I have, etc.,

Henry B. Miller,
[Inclosure 2.]

Mr. Conger to Mr. Ch’ing.

Your Imperial Highness: I have the honor to acknowledge the receipt of your imperial highness’s note of the 17th instant with regard to the shooting of Mr. Lewis L. Etzel, saying that you were in receipt of a telegram from the superintendent of trade for the north, communicating the report of Taotai Liu on the case, to the effect that on June 6 Corporal P’an Tse, of the Sui Ching army corps, had been detailed to take 10 soldiers and 3 boats and go out from Erh-pa-kou to pursue pirates; that they had met a junk which they suspected of being on a piratical expedition and had opened fire and captured her, not knowing that there were any foreigners on board; that as a result of the attack the American newspaper correspondent, Etzel, had been killed.

Mr. H. B. Miller, the American consul-general at Niuchwang, has also made a thorough investigation of the case and reports to me that Messrs. Etzel and Brindle had engaged a junk at Niuchwang to take them for a sail along the caost of the Gulf of Pechihli; that on June 5 they took train to the Shuang-t’ai River, expecting to meet the junk there, etc.

From both of these reports it is quite clear that Mr. Etzel’s death was caused by the criminal carelessness of a party of Chinese soldiers under the charge of a corporal named P’an Tse, who was acting under the orders of Commandant Chu, commanding the troops in the vicinity of T’ien-chuang-t’ai. Mr. Etzel, with an Englishman named Brindle, both having proper passports, was sailing on the high sea, where he had a perfect right to be, when his boat was surrounded by four others, three of which at least were carrying Chinese soldiers, and without warning suddenly fired upon and Mr. Etzel was killed.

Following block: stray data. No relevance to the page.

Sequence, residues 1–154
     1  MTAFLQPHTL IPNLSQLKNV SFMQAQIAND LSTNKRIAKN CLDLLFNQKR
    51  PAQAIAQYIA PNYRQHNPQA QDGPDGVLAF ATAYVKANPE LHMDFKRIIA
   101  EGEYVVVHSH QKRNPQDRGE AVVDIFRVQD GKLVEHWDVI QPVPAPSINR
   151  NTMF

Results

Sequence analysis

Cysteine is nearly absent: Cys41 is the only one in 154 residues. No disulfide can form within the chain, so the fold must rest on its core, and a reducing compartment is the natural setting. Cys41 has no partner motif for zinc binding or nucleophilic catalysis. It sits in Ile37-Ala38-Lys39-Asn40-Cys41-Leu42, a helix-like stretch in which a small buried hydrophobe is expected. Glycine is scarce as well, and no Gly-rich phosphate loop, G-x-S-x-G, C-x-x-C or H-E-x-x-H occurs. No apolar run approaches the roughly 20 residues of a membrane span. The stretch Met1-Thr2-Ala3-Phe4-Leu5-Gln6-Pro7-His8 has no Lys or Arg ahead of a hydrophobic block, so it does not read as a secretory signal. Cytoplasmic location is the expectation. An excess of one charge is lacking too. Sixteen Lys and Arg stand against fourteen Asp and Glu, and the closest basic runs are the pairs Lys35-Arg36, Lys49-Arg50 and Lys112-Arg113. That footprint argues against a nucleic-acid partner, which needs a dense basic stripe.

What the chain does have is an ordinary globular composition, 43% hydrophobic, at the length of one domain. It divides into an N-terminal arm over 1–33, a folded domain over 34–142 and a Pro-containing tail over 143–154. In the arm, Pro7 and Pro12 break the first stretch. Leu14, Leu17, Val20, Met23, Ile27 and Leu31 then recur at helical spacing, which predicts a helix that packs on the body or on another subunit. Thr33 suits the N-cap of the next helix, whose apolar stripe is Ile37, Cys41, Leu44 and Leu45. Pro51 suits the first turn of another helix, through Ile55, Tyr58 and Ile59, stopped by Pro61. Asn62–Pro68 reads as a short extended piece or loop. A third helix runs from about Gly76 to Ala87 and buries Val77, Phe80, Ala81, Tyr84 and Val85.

It is not charged that the soldiers knew that there were foreigners on the boat, but there was no reason in the world for the attack, and certainly the criminal carelessness which causes such, wanton destruction of life deserves most exemplary punishment. The consul-general reports that these soldiers are frequently sent out under the pretense of hunting pirates, and found to be attacking defenseless boats. The military official who continually permits his soldiers to do this is himself culpable and deserves suitable punishment. There are at present in the locality about Niuchwang many foreigners who may have occasion to sail along the coast in that vicinity, and if an example is not made of those responsible for this crime others are likely to be committed which may give rise to serious trouble. It is my duty, therefore, to ask that appropriately severe punishment may be inflicted upon Corporal P’an, Commandant Chu and such others as may merit it.

Mr. Etzel leaves several relatives in the United States who have been dependent upon him for support, and it is not improbable that pecuniary indemnity may be demanded, but upon this question I await definite instructions from my Government.

Knowing the constant desire of your imperial highness for the preservation of peace and good order, and trusting in your uniform willingness to act fairly and justly, I confidently await information from your imperial highness that the officers and soldiers responsible for Mr. Etzel’s death have been promptly and adequately punished.

I avail myself, etc.,

E. H. Conger.